The Liberty Theatre, a lovingly restored venue from the 1920’s. It is a sumptuous location for Fisher Poets.
The last one standing. Once the waterfront was crowded with canneries. Now the only other one, Pier 39, is a cannery-turned-museum.
Astoria is loaded with relics and reminders of its proud fishing heritage.
On the side of a truck.
Heading for the bar, the notorious Columbia Bar that is. The pilot boat has just dropped the pilot off to clamber up that ladder on the port quarter.
A gorgeous drake Widgeon enjoying an algae salad.
Sundown, a rare delight on a cold and blustery weekend.
I am one of them. I drove back to the border through Seattle, where it is now always rush hour and arrived safely at the Blaine border crossing for an uneventful re-entry to Canada. I had a wonderful, long-overdue visit with some very dear friends and travelled back to Vancouver Island on the ferry under clear sunny skies.
You may well wonder what all this “Fisher Poet” stuff is all about. A group of people, who make their living in the fishing industry and on the water, gather once a year to read some of their work, sing some of their songs and enjoy the affirmation of being among fellow blue-collared creative people. I am always humbled in their presence. I’ll conclude this blog with a quick sample of my work, written about the ferry ride home.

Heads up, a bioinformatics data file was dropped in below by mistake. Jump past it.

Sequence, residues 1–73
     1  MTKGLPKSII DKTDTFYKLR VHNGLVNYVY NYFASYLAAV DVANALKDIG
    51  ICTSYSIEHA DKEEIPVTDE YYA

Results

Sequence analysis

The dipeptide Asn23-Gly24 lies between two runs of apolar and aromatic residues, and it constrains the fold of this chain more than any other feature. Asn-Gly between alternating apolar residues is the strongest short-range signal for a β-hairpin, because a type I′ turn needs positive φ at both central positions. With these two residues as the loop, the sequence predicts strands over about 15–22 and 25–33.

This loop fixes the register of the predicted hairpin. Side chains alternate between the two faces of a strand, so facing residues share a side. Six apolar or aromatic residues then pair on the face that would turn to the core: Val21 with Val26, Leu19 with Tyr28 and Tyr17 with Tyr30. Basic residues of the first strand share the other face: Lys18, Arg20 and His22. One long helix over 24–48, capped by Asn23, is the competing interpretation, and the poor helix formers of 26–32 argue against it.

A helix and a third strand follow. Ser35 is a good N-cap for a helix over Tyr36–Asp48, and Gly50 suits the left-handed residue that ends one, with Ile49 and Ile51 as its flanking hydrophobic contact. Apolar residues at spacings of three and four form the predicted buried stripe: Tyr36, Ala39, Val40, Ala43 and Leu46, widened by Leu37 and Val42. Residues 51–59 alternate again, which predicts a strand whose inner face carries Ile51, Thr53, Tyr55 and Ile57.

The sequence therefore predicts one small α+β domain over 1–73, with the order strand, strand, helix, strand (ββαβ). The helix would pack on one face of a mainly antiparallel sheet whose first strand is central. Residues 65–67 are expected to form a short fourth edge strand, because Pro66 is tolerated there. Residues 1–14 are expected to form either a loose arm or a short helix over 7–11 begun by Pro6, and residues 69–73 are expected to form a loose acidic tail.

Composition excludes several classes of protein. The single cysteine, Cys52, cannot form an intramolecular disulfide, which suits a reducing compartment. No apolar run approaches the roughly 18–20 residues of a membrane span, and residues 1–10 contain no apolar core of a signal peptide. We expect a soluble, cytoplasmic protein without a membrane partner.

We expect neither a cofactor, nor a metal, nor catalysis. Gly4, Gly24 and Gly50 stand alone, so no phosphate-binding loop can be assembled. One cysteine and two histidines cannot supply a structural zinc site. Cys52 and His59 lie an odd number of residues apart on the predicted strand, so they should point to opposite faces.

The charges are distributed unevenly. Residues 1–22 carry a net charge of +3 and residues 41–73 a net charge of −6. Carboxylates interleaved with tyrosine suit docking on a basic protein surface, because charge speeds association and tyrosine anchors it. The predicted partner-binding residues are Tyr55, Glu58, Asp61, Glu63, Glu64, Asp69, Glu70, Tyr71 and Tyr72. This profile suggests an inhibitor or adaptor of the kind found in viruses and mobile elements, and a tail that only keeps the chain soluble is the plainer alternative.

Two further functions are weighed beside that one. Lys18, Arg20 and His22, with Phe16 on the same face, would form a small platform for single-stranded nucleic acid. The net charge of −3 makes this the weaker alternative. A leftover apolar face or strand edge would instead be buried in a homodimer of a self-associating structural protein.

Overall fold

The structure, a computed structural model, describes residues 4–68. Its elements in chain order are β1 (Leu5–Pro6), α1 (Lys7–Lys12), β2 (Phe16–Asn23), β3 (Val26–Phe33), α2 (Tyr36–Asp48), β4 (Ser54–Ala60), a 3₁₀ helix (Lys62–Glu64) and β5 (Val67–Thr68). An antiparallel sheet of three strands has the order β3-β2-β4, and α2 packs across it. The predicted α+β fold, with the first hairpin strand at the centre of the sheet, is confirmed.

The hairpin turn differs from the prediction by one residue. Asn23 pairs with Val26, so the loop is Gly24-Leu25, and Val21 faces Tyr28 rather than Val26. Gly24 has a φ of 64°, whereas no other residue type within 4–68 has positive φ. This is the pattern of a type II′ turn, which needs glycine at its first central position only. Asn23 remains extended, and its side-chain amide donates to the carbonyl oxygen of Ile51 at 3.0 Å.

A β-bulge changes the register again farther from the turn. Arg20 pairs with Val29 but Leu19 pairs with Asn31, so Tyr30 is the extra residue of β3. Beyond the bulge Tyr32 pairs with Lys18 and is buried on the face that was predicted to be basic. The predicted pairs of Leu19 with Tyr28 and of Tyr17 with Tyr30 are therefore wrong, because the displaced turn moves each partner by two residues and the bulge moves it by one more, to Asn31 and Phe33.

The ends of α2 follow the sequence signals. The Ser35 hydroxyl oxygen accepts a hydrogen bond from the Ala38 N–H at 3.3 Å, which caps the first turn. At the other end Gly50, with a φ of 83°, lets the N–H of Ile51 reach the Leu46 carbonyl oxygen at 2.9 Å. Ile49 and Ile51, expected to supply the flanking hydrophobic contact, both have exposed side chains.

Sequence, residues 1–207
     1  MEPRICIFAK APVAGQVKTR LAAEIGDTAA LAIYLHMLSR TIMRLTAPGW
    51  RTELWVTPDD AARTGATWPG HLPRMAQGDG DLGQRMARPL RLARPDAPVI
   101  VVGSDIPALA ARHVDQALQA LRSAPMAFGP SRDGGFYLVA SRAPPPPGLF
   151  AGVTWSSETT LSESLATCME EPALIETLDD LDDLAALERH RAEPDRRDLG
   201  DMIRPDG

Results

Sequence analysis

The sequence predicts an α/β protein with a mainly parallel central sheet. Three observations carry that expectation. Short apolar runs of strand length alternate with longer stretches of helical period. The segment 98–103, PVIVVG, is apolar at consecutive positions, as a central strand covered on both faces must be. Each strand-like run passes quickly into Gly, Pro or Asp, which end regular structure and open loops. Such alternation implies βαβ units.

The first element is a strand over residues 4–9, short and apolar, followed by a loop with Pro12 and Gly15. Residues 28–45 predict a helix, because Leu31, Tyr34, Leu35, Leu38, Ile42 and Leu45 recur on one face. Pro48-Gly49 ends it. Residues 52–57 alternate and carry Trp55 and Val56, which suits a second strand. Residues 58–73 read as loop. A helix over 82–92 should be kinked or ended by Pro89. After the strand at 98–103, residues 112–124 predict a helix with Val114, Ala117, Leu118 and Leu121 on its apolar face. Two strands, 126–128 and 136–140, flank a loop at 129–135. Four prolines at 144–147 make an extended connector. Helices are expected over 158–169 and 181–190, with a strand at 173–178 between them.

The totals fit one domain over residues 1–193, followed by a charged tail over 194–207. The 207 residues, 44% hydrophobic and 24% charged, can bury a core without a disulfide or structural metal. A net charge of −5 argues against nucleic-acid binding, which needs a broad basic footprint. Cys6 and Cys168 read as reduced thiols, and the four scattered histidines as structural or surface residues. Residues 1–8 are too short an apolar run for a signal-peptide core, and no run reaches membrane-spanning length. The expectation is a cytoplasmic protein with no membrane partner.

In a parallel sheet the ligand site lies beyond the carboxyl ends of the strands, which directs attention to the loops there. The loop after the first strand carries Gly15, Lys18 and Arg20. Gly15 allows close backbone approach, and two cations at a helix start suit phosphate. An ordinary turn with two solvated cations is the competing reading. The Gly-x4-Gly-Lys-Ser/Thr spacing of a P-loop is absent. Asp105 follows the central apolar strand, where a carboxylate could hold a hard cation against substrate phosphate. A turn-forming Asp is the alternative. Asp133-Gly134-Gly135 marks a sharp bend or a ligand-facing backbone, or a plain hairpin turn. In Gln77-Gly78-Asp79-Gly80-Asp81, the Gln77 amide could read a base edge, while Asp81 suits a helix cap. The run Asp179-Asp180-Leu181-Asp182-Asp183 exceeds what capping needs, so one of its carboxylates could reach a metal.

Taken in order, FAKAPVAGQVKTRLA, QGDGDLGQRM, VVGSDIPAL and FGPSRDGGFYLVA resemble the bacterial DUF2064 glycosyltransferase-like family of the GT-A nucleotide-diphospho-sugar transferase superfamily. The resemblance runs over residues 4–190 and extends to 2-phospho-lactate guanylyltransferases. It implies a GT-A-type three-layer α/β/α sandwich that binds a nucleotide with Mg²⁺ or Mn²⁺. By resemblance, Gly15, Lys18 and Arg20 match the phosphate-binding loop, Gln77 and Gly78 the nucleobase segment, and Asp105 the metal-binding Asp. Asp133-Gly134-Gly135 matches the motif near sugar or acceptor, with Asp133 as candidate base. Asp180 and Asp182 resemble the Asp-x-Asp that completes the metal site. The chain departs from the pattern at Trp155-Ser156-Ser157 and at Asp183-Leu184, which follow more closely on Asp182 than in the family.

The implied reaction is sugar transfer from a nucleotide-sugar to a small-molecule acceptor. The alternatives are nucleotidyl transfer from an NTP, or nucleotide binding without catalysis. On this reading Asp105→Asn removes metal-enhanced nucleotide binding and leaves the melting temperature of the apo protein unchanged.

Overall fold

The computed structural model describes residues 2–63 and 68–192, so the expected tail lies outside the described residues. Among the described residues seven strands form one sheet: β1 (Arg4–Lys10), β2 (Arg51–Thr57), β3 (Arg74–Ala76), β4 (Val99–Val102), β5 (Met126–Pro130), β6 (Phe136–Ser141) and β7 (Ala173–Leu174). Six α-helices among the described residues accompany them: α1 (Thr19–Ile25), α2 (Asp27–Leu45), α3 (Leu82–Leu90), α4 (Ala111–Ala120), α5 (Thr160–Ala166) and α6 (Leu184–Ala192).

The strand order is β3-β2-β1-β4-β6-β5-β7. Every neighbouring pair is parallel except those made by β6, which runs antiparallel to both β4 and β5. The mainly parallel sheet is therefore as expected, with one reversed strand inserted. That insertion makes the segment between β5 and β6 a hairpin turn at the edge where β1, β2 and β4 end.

Herring Season (1)
Last Monday in February ( Background music:
Northbound in the middle of the Strait of Georgia “Tiny Fish For Japan homeward from an annual Fisher Poets Gathering … Stan Rogers) On a BC Ferry, the ‘Coastal Inspiration.’
The mid-winter sunlight has some warmth